bmo (77928) | about a year ago | (#40094789)

Given that, at what point do mods that improve minecraft's program-ability go too far and turn it from a perverse simulation game of enormous popularity into a really dreadful IDE?

When someone abandons cool things like forth and tries to implement Visual Basic.

--
BMO

Re:At what point does 'improvement' become a downs (0)

Anonymous Coward | about 2 years ago | (#40096207)

How else are you going,to get kids interested in building flip flops and alu's from scratch

Re:At what point does 'improvement' become a downs (4, Interesting)

Charliemopps (1157495) | about a year ago | (#40094847)

Because the environment "feels" real. You can run around and see the circuit pathways and actually visually understand how the processor works... as apposed to having some abstract flowchart or diagram.

Re:At what point does 'improvement' become a downs (1)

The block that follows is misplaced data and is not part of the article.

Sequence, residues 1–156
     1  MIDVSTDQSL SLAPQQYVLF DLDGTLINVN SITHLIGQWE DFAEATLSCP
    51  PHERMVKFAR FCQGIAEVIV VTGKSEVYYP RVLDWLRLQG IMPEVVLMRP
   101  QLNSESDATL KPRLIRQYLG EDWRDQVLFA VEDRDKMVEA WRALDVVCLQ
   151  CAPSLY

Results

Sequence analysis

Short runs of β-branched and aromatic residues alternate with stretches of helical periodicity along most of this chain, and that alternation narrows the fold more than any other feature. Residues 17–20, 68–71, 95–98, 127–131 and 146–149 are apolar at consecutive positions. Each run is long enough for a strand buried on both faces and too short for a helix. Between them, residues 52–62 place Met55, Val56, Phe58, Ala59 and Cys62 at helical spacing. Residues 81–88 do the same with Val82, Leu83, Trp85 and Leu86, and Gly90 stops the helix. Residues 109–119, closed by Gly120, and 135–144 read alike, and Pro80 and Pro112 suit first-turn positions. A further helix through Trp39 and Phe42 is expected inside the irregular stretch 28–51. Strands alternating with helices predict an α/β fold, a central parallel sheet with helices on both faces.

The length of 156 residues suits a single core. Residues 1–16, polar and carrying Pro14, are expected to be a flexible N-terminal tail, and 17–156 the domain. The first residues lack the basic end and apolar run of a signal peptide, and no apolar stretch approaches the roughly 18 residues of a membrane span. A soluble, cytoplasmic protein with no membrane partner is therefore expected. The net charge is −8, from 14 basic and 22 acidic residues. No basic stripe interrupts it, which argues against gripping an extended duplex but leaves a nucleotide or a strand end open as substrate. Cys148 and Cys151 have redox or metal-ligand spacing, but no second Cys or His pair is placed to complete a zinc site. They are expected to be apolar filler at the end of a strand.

NoNickNameForMe (884862) | about 2 years ago | (#40096275)

Disclaimer: I've never played Minecraft

However, from the embedded video in this post [shroomery.org], it felt like I'm in a 3D VLSI design tool. Maybe in the future we'll be literally designing devices one block at a time. Either that or the Nazcas [wikipedia.org] have been playing Minecraft all this while....

Re:At what point does 'improvement' become a downs (1)

Bacon Bits (926911) | about 2 years ago | (#40096159)

Given that, at what point do mods that improve minecraft's program-ability go too far and turn it from a perverse simulation game of enormous popularity into a really dreadful IDE?

Compare emacs to hurd and you'll see the lengths people go to to avoid doing something that looks like actual work.

Re:At what point does 'improvement' become a downs (1)

hairyfeet (841228) | about 2 years ago | (#40096775)